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Vomiting, the body’s biological alert

Toxic response symptomsVomiting


Vomiting is the forced emptying of your stomach through your mouth. It is a symptom of the body’s response to toxins, it is how the body gets rid of anything that is harmful or contaminated in the stomach.
Vomiting is not regarded as a disease, but rather as an indication of the presence of other diseases.  This can sometimes occur after eating or drinking something that is not fully installed in the stomach.  but if it becomes common, it could be an indication of a serious underlying condition.

Causes :

The causes of vomiting vary from person to person and are most common among adults, infants and pregnant or menstruating women.

  1. The most common reasons for vomiting among  adults include:

– food intoxication.

– Indigestion.

-Bacterial and viral infection, such as viral gastroenteritis.

-Motion sickness.



-Antibiotics, morphine or anaesthesia.

-Heavy drinking.

-Irritable colon syndrome.

-Sensitivity to specific foods.

  • Common reasons for vomiting among children include:

-Viral gastroenteritis.

-Drinking milk very quickly.

-allergy to specific foods, including milk.

-Urine infections and pneumonia.

– Congenital pyloric stenosis, that is, the close passage of food from the stomach into the intestine.

  • Causes of vomiting among expectant mothers include:

-Acid reflux.

-Sensitivity to specific odours and tastes.

-Severe morning nausea, referred to as pregnancy vomiting, caused by elevated hormones.

causes of vomiting in females during menstrual periods:

-Hormonal changes during periods.

-Migraines during periods of menstruation.

Treatment :

Certain homemade remedies include.

-taking over-the-counter medications such as Pepto-Bismol and Imodium to stop throwing up.

– drinking lots of water and other fluids like sports drinks that contain electrolytes, juice or ginger tea to replace fluids lost after a period of vomiting and prevent dehydration.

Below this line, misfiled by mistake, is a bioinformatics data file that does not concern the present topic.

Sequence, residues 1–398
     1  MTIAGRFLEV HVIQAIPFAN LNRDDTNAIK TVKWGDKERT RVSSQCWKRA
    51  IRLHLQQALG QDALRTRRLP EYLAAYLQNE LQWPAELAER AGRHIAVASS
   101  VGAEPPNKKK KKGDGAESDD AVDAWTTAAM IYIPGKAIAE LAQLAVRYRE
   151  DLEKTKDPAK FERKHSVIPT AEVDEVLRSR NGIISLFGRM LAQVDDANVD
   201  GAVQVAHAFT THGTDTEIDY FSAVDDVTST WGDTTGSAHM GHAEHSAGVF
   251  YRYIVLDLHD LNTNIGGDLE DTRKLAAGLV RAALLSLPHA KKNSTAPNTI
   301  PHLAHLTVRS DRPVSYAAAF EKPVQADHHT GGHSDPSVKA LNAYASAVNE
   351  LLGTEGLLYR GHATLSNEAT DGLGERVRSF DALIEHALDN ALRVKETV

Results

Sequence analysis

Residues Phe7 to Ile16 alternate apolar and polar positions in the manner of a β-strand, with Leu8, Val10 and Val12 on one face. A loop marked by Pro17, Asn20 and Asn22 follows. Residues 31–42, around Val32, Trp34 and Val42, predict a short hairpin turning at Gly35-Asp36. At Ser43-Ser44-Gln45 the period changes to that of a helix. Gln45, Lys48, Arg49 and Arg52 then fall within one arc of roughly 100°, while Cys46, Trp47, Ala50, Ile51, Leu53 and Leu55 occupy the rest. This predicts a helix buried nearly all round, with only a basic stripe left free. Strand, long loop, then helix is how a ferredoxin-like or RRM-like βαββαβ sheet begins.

-Avoiding foods that are difficult to digest, such as milk, caffeine and greasy or fried foods.

– relaxing or avoiding physical activity.

For children :

– keeping your child on his or her stomach or side to reduce the risk of inhalation of vomit.

-ensuring  that your child drinks enough fluids

– avoiding giving him or her solid food.

Medications :

some medicines may be useful such as:

-antacids or anti-anxiety if vomiting is associated with anxiety.

-Pregnant women who suffer from Nausea or vomiting during pregnancy may need to receive intravenous fluids if they are unable to keep them.

When you should see a doctor? :

you should consult a doctor in case of a medical emergency, such as:

-Recurrent vomiting for more than one day.

– Severe pain in chest/stomach.

– blurred vision

-Green vomit with blood.

– Signs of serious dehydration, like dry mouth and little or no urine.

– a temperature above 38°C or significant weight loss since the onset of vomiting, especially in infants.

– abstinence from eating and drinking for expectant mothers.


So vomiting is important as a biological system that defends the body against the side effects of some medications, and the symptoms associated with some diseases and food poisoning, as it can perform the function of emptying a harmful chemical from the digestive system. Therefore, we must be attentive to everything our body is trying to tell us because they always warn us of the existence of a problem.

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